Price cap carriers receiving money in Phase 2 of the Connect America Fund will have to deploy broadband at speeds of at least 10 Mbps downstream and 1 Mbps upstream to areas of their local service territories where broadband is not available today. The new requirement was one of several actions taken by the FCC at its monthly meeting today, where the commission also adopted a new price cap for rate of return carriers that receive funding from the high-cost Universal Service program.
As FCC Chairman Tom Wheeler previously indicated, the commission today also voted to raise the cap for the E-rate program by $1.5 billion annually to help cover the cost of bringing broadband and Wi-Fi to the nation’s schools and libraries.
Price Cap CAF Speed Target
FCC officials at today’s meeting said Phase II of the CAF program for price cap carriers is expected to get underway next year. That program calls for carriers to be offered support levels for broadband deployment to unserved areas based on a cost model. Carriers will have the option of accepting or rejecting funding on a state by state basis. If a carrier declines funding for a state, there will be a competitive bidding process to award funding.
Previously the minimum speed target for broadband deployment was 4 Mbps downstream and 1 Mbps upstream but officials said the target was being increased to make service comparable with what urban customers currently receive.
Carriers will have to one to two additional years to achieve deployment goals. Previously the deadline was five years.
Also at today’s meeting, the FCC instituted a process for price cap carriers to have some areas within a state removed from deployment obligations and it relieved the price cap carriers from having to deploy voice service in certain situations such as in high-cost areas served by a competitor or where a competitor wins CAF II funding through the competitive bidding process.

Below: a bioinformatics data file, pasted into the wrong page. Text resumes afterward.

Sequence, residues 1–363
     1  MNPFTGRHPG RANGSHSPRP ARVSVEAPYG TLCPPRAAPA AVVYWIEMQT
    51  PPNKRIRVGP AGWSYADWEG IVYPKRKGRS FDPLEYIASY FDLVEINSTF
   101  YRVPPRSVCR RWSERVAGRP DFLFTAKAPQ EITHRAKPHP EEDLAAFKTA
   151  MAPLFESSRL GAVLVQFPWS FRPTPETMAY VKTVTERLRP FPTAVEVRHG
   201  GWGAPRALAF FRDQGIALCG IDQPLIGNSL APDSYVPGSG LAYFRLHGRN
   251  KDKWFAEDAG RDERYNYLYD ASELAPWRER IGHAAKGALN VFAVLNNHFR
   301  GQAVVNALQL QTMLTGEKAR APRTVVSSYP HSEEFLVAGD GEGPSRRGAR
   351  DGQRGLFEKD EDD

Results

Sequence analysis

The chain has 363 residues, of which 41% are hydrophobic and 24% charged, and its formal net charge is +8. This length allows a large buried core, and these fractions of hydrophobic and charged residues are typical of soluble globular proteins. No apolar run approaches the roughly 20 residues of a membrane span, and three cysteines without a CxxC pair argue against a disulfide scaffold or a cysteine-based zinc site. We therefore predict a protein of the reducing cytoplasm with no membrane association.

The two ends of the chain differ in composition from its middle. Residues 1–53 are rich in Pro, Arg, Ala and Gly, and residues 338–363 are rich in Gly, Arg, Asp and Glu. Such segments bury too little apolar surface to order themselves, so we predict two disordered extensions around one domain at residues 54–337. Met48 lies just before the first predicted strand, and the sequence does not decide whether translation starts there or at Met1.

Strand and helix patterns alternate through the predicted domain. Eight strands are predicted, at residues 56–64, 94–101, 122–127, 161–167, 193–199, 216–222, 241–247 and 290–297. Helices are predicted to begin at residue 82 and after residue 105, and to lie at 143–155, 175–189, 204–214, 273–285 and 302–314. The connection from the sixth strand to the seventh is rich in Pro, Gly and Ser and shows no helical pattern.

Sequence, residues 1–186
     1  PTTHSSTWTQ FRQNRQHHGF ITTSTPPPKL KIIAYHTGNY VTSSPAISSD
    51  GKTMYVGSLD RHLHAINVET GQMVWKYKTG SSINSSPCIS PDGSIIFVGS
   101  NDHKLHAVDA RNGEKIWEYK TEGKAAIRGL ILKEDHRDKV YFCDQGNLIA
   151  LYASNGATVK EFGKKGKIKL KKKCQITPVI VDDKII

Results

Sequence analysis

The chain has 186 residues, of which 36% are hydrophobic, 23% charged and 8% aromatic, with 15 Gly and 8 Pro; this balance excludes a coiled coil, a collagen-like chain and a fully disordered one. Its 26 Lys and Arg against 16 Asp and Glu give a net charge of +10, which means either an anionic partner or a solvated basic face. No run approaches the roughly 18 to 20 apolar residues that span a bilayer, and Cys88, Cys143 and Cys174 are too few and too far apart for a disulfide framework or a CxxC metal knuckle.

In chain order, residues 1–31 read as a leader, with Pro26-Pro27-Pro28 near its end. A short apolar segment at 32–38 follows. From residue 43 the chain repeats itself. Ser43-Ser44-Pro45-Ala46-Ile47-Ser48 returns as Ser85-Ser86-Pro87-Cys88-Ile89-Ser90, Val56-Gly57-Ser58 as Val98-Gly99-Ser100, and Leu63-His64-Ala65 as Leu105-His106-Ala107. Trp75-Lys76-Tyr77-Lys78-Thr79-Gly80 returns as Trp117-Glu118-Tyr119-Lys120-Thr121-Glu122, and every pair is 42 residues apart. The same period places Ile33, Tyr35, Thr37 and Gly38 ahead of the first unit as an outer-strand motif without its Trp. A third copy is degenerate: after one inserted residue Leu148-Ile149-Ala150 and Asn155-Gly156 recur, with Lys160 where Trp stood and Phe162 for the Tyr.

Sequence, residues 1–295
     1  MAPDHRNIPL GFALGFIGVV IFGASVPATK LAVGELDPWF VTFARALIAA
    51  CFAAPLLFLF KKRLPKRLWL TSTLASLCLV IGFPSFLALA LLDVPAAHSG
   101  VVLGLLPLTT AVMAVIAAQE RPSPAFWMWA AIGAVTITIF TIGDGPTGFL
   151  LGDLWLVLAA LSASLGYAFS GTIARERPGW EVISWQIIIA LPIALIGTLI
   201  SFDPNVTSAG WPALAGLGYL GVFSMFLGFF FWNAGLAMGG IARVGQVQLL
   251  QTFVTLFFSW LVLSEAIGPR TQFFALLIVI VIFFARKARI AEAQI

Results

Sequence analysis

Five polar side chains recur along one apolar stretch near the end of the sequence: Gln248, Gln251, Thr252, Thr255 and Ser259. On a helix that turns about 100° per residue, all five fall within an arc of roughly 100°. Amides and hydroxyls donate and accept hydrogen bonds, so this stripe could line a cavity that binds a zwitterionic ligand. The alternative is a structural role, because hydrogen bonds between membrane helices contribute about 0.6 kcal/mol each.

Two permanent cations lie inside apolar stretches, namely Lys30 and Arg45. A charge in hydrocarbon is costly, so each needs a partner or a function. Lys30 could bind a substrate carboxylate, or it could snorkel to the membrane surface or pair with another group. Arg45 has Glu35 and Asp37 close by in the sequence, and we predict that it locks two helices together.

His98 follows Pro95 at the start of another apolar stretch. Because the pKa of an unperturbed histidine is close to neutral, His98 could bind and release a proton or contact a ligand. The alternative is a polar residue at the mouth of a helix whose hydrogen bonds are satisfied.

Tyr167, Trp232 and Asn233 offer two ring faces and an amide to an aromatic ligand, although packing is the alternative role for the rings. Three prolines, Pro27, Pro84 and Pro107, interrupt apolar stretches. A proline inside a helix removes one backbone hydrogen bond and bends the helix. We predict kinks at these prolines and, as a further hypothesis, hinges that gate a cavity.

Officials did not detail the new support caps for rate of return carriers, other than to say they were not based on quantile regression – an unpopular methodology previously used to establish caps that the commission later scrapped. The commission also said it would eliminate high-cost support for ROR carriers in areas with 100% overlap with a competitor.
Changes to the E-rate program adopted at today’s meeting consisted largely of what Wheeler previewed several weeks ago. One element that wasn’t revealed previously is that telecom service providers will be required to provide high-speed broadband to schools and libraries in geographic areas where the telco receives support from the high-cost Universal Service Fund. Rates will have to be reasonably comparable to similar services in urban areas.
Target speeds were not discussed today but previously the commission has referenced target speeds as high as 1 Gbps per school – a target speed that would likely require fiber to the school. Officials did not discuss how telcos would be able to cover the cost of deploying fiber to schools currently lacking fiber connectivity while also meeting price requirements. High-cost funding today is based on a considerably lower broadband speed target.
One thought on “FCC: Connect America Fund Broadband Speed Target Raised to 10 Mbps”
My response follows –
Reference – http://www.fcc.gov/document/fcc-increases-rural-b…
FCC Rural Broadband Speed Increase – Dec. 11, 2014
There is absolutely no way I can support the proposal to increase rural broadband speeds to 10 Mbps. I consider your current direction and emphasis totally inappropriate.
Quite simply, from a technical perspective, your emphasis needs to represent a laser focus on getting rid of 100 year old, twisted copper pair, outside cable plant to be replaced with fiber optics. Consider the following graph –
Without totally getting rid of copper cabling and some flavor of DSL transmission, moving from 4 Mbps to 10 Mbps is going accomplish exactly what? Promote more FTTN installs which only extends an already impossible problem?
Want to see the exact problem promoted by YOUR funding of incumbent providers? Go here – http://wsrl.org/tds2.htm#fttn1
This represents a total waste of taxpayer money in my view. Want to see what should be totally funded? Go here –
Do you understand how totally ridiculous the above document makes your efforts look? If you don't understand what you are looking at, why don't you consider taking a few courses in large system fiber optic design.
BTW – Come January, I've been waiting some 17 years for a reasonable connection to the Internet.